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Posts Tagged ‘Jamie Birkett’

Anything from the Mischief Theatre Company is worth watching, and after this got postponed twice due to the Covid-19 pandemic, I was really looking forward to finally getting to see it (and finally getting back to Wolverhampton’s Grand Theatre, which is one of my favourite places).

If you’re familiar with the Mischief Company’s work, you’ll know that the usually play a group of amateur actors who stage plays that go disastrously wrong, and they have had huge success. A few years ago they wrote a straightforward comedy (The Play About A Bank Robbery) which was extremely funny. Groan Ups has all the laughs and gags you would expect, but there is a surprising tenderness and poignancy in it as well.

We first meet the main cast of five as a group of six year olds at school together, and we can see their early personalities which become more developed as they get older. There’s the precocious, spoiled Moon (played by Yolande Ovid), who spends more time with her au pair than her parents. There’s sensitive Archie (Daniel Abbott), the new boy in the class. Katie (Lauren Samuels) is a worrier and a hard worker. Spencer (Dharmesh Patel) is the popular lad who is not exactly academic. And Simon (Matt Cavendish) is the object of their teasing (and sometimes out and out bullying). After the first part where each child describes their weekend and naively talks about things their parents have done or said without understanding the adult implications of such words and actions, we next meet them as teenagers, where we can see deeper friendships having formed, crushes develop and their adult futures loom. In the final stage of the play they are adults who have left school, but return to the building for a reunion.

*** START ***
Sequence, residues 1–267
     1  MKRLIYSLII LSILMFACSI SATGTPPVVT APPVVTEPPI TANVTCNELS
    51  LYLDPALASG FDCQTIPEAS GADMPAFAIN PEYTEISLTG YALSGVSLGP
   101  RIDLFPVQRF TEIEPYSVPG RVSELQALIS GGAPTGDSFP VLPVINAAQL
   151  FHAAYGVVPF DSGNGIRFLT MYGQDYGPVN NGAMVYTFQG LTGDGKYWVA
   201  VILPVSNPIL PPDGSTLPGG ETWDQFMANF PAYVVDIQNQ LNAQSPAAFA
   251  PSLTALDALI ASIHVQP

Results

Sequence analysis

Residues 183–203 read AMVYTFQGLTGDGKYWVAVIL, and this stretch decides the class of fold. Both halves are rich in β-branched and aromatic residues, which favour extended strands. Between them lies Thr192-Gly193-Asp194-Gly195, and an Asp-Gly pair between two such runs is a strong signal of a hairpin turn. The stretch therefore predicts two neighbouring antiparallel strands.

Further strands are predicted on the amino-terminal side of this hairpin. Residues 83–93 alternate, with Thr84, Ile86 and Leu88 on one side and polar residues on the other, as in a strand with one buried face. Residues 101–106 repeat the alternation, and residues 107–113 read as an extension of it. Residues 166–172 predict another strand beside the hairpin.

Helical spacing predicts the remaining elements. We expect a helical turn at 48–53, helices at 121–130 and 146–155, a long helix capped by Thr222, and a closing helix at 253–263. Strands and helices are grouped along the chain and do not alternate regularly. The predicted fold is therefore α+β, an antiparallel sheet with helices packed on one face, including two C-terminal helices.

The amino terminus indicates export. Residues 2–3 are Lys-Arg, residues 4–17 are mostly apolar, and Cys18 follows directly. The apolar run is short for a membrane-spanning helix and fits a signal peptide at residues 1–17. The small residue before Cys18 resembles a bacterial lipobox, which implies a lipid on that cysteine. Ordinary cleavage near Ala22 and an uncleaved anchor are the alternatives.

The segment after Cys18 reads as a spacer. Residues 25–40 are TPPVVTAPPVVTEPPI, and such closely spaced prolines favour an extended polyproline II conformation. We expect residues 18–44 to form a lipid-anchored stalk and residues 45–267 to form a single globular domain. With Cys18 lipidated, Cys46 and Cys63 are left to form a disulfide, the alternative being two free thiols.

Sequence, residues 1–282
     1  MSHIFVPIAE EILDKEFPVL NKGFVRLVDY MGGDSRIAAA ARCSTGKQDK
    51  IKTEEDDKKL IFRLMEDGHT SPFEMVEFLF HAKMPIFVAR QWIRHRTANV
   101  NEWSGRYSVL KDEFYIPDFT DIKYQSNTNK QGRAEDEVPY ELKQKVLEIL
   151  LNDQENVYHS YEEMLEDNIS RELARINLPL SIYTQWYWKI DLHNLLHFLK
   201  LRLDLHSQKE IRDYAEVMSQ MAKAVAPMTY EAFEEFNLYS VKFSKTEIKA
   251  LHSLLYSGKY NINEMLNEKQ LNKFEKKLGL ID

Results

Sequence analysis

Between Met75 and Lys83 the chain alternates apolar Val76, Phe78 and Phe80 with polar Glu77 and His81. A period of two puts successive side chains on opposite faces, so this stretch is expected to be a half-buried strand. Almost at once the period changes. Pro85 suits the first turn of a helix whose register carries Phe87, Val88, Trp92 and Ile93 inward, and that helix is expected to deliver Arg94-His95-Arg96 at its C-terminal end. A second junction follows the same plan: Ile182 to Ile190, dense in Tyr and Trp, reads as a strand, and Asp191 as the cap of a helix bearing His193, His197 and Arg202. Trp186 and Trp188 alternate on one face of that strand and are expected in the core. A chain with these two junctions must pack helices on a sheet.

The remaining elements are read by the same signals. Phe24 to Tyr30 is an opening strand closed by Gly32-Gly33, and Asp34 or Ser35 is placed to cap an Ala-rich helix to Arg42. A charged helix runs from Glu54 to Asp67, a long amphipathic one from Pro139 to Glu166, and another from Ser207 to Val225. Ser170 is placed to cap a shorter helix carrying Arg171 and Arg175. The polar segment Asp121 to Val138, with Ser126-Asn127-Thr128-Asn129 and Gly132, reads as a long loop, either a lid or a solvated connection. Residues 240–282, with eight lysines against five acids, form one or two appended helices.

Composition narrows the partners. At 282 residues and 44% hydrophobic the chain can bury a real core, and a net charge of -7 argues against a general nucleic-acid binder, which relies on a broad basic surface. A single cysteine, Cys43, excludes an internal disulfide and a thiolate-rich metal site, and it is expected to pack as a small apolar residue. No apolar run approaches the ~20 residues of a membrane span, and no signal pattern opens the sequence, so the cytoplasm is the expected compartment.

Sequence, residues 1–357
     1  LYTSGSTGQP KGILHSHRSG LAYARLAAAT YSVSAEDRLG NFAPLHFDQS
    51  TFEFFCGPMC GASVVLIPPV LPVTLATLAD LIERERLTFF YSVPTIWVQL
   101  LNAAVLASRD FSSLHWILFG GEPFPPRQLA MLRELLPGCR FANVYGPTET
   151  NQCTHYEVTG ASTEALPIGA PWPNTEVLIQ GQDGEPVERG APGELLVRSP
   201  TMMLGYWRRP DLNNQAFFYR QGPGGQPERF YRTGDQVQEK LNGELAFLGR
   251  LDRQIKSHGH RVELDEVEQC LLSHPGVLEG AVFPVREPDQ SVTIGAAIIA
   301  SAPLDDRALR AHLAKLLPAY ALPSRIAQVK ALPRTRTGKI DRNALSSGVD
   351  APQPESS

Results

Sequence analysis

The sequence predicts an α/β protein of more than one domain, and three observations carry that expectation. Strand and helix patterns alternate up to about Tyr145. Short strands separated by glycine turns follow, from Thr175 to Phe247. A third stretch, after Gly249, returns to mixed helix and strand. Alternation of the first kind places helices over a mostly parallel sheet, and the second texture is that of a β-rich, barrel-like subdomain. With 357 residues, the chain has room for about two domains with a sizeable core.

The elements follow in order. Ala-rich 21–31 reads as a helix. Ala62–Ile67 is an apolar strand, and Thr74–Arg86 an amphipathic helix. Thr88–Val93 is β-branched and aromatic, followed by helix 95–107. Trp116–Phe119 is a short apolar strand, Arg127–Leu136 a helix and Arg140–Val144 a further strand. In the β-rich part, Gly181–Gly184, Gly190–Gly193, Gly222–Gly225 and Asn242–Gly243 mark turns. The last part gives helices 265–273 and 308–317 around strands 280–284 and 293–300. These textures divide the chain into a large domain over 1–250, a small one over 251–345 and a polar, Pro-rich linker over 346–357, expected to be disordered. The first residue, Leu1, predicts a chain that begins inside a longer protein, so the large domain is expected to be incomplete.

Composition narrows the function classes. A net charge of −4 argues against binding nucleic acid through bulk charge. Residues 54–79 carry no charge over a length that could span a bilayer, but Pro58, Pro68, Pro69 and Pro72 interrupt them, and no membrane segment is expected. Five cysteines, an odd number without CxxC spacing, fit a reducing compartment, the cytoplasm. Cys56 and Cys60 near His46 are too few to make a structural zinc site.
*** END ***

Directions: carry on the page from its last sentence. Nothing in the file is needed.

There’s a lovely running physical comedy gag about the school hamster, and a fabulous turn from Jamie Birkett as Chemise, the lady who Simon brings to the reunion. The small cast was rounded out by Paul Brown, who played another former schoolboy at the reunion. (Brown was understudy to Killian Macardle).

The sets were fantastic – all set in one classroom, but in teh first part, the doors and furniture were huge, helping to give the impression that the cast were little children. By the time they return for the reunion, the furniture is child sized.

I loved the show; it was so clever, so funny and very sweet. Everyone in the audience seemed to be having a great time and laughing a lot! The whole cast was great and I highly recommend going to see this if you get chance.

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